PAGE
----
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Flood-damaged Queensland roads costing motorists, councils as repair bills mount

ABC NEWS logo ABC NEWS 23/05/2022
Potholes have emerged in roads across flood-hit areas of Queensland and they're posing dangerous and experience obstacles for drivers. (Supplied: Sunshine Coast Council) © Provided by ABC NEWS Potholes have emerged in roads across flood-hit areas of Queensland and they're posing dangerous and experience obstacles for drivers. (Supplied: Sunshine Coast Council)

Kay Manthei is one of many motorists in Queensland's south-east to be hit with expensive repair bills due to the state of the region's flood-damaged roads.

The Sunshine Coast woman started her week with a trip to her local tyre repair centre after her car hit a large pothole which damaged her front left wheel.

"I was out early and it was a bit dark, there was a pothole and I hit it," she said.

"My spare tyre was flat so the tow truck came this morning and brought me here and now it's all fixed up."

Ms Manthei said the state of Queensland's roads was beyond frustrating.

"There are a lot of potholes and people sort of doing silly things, not taking it steady," she said.

"It's a bit hard when it's dark and there's water on the road so you really don't see them. 

"But now I know where it is for sure, I'll try and avoid it."

Ms Manthei was just one of dozens of drivers who have suffered the same fate in the past few weeks according to a tyre repair centre owner.

David Knack owns Bob Jane T-Marts in Maroochydore and said his business alone repaired up to five cars per day with tyre damage caused by potholes.

"It's probably one of the worst times I've seen with cars coming in with damaged wheels and tyres," he said.

"Just this business alone — and there are 23 other tyre stores within three and a half kilometres of my store — we're getting two or three cars a day.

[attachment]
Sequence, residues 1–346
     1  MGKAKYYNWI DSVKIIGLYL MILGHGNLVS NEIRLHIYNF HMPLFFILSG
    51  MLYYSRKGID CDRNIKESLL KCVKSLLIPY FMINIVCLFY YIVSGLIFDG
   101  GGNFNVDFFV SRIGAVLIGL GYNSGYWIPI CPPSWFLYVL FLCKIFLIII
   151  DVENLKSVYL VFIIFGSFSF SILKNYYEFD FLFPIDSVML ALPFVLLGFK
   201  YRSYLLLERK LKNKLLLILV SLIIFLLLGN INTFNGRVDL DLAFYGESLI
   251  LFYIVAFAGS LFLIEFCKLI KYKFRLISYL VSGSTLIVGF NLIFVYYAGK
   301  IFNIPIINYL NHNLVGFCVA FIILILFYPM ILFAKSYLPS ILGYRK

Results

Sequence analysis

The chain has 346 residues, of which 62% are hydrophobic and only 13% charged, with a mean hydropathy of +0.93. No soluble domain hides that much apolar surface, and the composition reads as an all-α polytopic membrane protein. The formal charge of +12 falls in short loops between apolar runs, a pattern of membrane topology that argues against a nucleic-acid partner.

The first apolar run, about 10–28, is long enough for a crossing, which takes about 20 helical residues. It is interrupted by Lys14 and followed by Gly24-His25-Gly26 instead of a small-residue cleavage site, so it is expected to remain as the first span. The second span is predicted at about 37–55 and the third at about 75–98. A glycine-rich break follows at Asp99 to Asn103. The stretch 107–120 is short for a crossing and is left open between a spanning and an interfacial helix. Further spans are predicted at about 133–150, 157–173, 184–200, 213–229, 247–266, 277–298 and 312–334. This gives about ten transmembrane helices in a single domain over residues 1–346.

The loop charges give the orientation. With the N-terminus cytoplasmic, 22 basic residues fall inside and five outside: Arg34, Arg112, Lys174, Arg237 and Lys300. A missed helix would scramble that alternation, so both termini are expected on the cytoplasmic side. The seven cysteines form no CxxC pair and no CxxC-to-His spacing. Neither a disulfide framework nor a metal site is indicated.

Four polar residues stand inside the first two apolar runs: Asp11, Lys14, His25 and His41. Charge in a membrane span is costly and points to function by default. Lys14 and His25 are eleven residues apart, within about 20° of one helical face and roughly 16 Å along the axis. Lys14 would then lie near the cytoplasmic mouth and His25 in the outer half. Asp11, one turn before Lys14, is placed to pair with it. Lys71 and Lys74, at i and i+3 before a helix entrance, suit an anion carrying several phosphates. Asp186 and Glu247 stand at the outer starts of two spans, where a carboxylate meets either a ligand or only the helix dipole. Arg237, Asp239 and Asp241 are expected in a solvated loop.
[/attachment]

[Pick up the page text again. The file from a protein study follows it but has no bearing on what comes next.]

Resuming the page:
"Saturday, we would have had probably four or five for the day."

Repair bill will run into the 'millions'

Mr Knack believed council workers were struggling to repair damaged roads in a timely manner due to the sheer volume.

"There's just lots and lots of potholes and not necessarily too many of them being repaired," he said. 

Sunshine Coast Council Mayor Mark Jamieson estimated road damage would costs millions to repair.

He said unprecedented and lengthy wet weather events had impacted the region's road network.

"There's certainly been a lot of damage done to roads and a lot of that goes back to the [floods] in February," Cr Jamieson said.

"They're not going to be fixed overnight, because there's just so many of them.

"Rare weather events like this compound that and it will cost a lot of money for that all to be repaired over a period of time."

Cr Jamieson said he understood people's frustrations with the condition of roads and asked for patience.

"I've had people contacting me directly about their concerns around potholes in particular locations," Mr Jamieson said.

"I can't guarantee that it's going to be remedied anytime soon, because obviously the priority will be around those roads that have the most traffic."

Cost to drivers also adds up

Mr Knack said potholed roads were costly for motorists as well, with some spending up to $500 per tyre on repairs.

"Some tyres that get damaged are $100 tyres and some tyres you damage are $500 [to replace], so it depends on the vehicle," he said.

"If [the pothole is] big enough it can cause damage to the vehicle, the vehicle components and suspension.

"Then if you're talking suspension damage, that's a whole other thing."

Mr Knack said the best advice was to take is easy on the roads.

"Just drive drive a bit slower, try to give yourself room between the car in front of you so you can see the road," he said.

"That way you have a chance of dodging the pothole."


Video: Major flood warnings in place for parts of south east Queensland (


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